This task was developed by high school and postsecondary mathematics and agriculture sciences educators,
and validated by content experts in the Common Core State Standards in mathematics and the National Career
Clusters Knowledge & Skills Statements. It was developed with the purpose of demonstrating how the
Common Core and CTE Knowledge & Skills Statements can be integrated into classroom learning – and to
provide classroom teachers with a truly authentic task for either mathematics or CTE courses.
TASK: DAIRY BARN
TARGET COMMON CORE STATE STANDARD(S) IN MATHEMATICS:
A.CED.2 Create equations in two or more variables to represent relationships between quantities; graph equations on
coordinate axes with labels and scales.*
N.Q.1 Use units as a way to understand problems and to guide the solution of multi-step problems; choose and interpret
units consistently in formulas; choose and interpret the scale and the origin in graphs and data displays.*
N.Q.3 Choose a level of accuracy appropriate to limitations on measurement when reporting quantities.*
6.RP.3b Solve unit rate problems including those involving unit pricing and constant speed. For example, if it took 7 hours
to mow 4 lawns, then at that rate, how many lawns could be mowed in 35 hours? At what rate were lawns being mowed?
6.RP.3d Use ratio reasoning to convert measurement units; manipulate and transform units appropriately when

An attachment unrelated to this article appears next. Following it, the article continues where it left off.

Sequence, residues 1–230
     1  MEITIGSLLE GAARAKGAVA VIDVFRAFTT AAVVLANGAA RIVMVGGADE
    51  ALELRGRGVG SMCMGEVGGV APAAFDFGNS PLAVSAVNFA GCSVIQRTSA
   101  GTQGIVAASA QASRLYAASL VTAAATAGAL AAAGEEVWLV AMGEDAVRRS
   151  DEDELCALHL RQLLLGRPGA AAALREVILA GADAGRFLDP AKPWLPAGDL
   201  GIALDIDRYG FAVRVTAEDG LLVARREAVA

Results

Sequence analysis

multiplying or dividing quantities.
7.G.6 Solve real world and mathematical problems involving area, volume and surface area of two and three dimensional
objects composed of triangles, quadrilaterals, polygons, cubes, and right prisms.
TARGET STANDARDS FOR MATHEMATICAL PRACTICES
MP 1 Make sense of problems and persevere in solving them.
MP 2 Reason abstractly and quantitatively.
MP 4 Model with mathematics.
MP 6 Attend to precision.
TARGET COMMON CORE STATE STANDARD(S) IN ELA/LITERACY:
RST.9-10.1 Cite specific textual evidence to support analysis of science and technical texts, attending to the precise details
of explanations or descriptions.
RST.9-10.2 Determine the central ideas or conclusions of a text; trace the text’s explanation or depiction of a complex
process, phenomenon, or concept; provide an accurate summary of the text.
RST.9-10.3 Follow precisely a complex multi-step procedure when carrying out experiments, taking measurements, or
performing technical tasks, attending to special cases or exceptions defined in the text.
RST.9-10.5 Analyze the structure of the relationships among concepts in a text, including relationships among key terms
(e.g., force, friction, reaction force, energy).
RST.9-10.7 Translate quantitative or technical information expressed in words in a text into visual form (e.g., a table or
chart) and translate information expressed visually or mathematically (e.g., in an equation) into words.
TARGET CAREER AND TECHNICAL EDUCATION (CTE) KNOWLEDGE & SKILLS STATEMENTS:
AGPG01.02 Practice good record keeping strategies and techniques to accomplish Agriculture, Food, and Natural
Resources (AFNR) business objectives.
AGPG01.03 Manage budget, credit, and optimal application of AFNR business assets using generally accepted accounting
principles to promote business financial well-being.
AGPG01.04 Assess and manage inventory using AFNR industry concepts and inventory control practices to ensure
adequate inventory for business demand.
Algebra I or Geometry; Integrated Math I or II; Animal Science; Animal Husbandry; Agribusiness Management
This task requires basic calculation and can be completed in one class period. It may be used as a formative or summative
* Modeling standards appear throughout the CCSS high school standards and are indicated by a star symbol (*).